No means what?

Every once in a while, and sometimes more often than that, someone sends me a clipping that makes me check the date twice and recheck the lines that look back at me in the mirror, only to realize I have been reading the same stories and writing about them for more than 20 years. Exactly the same. How can that be?

This one comes from Houston, courtesy of Lisa Falkenberg of the Houston Chronicle, who wrote the story, and a new group called CounterQuo (as in not the status quo) that is trying to make sure people see it. It's about a teenage girl who went to a club last summer with a friend. She met a man who drove her and her friend into a wooded area and then raped her while her friend ran for help.

The victim, now a college student, testified that she tried to resist her attacker, repeatedly hitting him in the face, but he brushed it away, threatened to put her "in the bayou" and told her he had killed five people and would kill her.

The jury convicted.

The judge wondered why she was on top.

No, he didn't just wonder, he actually asked her in the sentencing phase since the defense had wisely decided to have the judge determine his sentence and not the jury.

"Sending an innocent man to prison in the name of law and order is the greatest injustice this society can do," the judge said in explaining his approach to sentencing a man who had just been convicted of violent rape.

According to Falkenberg, "What shocked the victim most was when the judge questioned whether she was really raped since he found it 'odd' that was she was on top of Escobar during the assault."

I wrote a book called "Real Rape" in 1986. Its argument should be obsolete.

It isn't. This case could have been the first chapter, if it hadn't been about all the times I had to convince people that I really was raped by a man who threatened to kill me with an ice pick. At least no judge ever asked me the question.

I know there are smart judges and stupid judges, just like there are smart and stupid versions of everything else in life, even things that often matter more, like doctors and politicians.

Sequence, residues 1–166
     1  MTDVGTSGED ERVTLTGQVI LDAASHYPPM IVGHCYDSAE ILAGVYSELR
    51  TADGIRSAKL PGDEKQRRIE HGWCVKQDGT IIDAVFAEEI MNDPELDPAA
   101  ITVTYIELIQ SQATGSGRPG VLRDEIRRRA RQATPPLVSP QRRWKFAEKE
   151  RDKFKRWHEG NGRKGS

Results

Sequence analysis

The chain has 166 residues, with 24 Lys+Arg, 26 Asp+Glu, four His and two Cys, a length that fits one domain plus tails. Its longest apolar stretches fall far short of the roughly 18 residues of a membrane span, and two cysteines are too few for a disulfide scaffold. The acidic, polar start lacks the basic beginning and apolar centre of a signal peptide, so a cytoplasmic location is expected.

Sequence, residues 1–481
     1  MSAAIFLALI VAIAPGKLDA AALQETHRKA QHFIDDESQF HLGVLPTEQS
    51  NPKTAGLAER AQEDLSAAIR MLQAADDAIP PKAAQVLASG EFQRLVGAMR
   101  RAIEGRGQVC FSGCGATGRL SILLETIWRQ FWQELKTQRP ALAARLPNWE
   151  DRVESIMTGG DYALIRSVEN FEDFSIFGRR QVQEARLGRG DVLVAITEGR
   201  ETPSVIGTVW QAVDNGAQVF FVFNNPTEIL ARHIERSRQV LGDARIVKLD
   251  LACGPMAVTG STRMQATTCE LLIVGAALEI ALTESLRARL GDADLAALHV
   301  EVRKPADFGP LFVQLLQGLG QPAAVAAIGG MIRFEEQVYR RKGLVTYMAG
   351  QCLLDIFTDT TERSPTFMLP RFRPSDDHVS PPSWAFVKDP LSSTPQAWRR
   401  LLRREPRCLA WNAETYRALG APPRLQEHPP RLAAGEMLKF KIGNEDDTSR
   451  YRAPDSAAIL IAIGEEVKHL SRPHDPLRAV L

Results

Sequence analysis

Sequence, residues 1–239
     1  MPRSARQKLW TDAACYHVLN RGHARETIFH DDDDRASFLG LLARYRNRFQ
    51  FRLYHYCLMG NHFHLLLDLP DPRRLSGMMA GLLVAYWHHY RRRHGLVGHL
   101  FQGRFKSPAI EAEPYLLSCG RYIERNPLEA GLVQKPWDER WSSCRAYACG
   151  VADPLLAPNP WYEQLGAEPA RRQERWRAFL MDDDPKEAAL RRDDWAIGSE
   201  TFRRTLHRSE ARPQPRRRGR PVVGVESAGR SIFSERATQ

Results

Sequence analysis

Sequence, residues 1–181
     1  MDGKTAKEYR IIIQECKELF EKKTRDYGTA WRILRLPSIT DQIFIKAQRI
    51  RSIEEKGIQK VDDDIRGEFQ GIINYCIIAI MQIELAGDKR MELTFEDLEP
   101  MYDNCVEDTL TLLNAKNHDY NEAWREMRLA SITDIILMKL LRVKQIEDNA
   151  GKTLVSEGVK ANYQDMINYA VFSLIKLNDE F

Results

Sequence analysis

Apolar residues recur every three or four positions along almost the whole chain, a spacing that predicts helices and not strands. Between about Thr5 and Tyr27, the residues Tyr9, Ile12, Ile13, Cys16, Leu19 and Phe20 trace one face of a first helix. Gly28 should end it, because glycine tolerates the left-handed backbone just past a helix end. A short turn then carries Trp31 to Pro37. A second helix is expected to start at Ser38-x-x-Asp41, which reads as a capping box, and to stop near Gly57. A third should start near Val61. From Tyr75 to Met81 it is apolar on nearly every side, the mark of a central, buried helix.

"I know these are tough questions, and I don't like to have to ask them," the judge said, according to the transcript Hildebrand reviewed. "It's just you understand that most rapes take place with the man on top so he has complete control of the female."

When the prosecutor objected to the question, the judge overruled him, saying he was allowed to consider the circumstances of the offense in determining the sentence.

The circumstances of the offense are whether she is on top? Of a man she believes has a gun, who has threatened to kill her and told her that he has killed before? As she is trying to stay alive while her friend races to get help?

The judge later acknowledged in a legal blog that he should have expressed his concerns in private. Actually, his concerns were stupid and offensive and would have been so in private, as well. The case is on appeal, so he is refusing to say anything more.

But here's the punch line: The guy didn't get away with it. After listening to the 911 tape of the screaming girls "for the sixth time," the judge sent him away for 25 years. He even said he was convinced, the judge I mean, that "no means no." That's why the rapist is appealing. That's why I'm not using the judge's name.

Some things have changed. This time, anyway, the rapist got punished by the system. Sadly, so did the victim. Again. Still.

To find out more about Susan Estrich and read features by other Creators Syndicate writers and cartoonists, visit the Creators Syndicate website at

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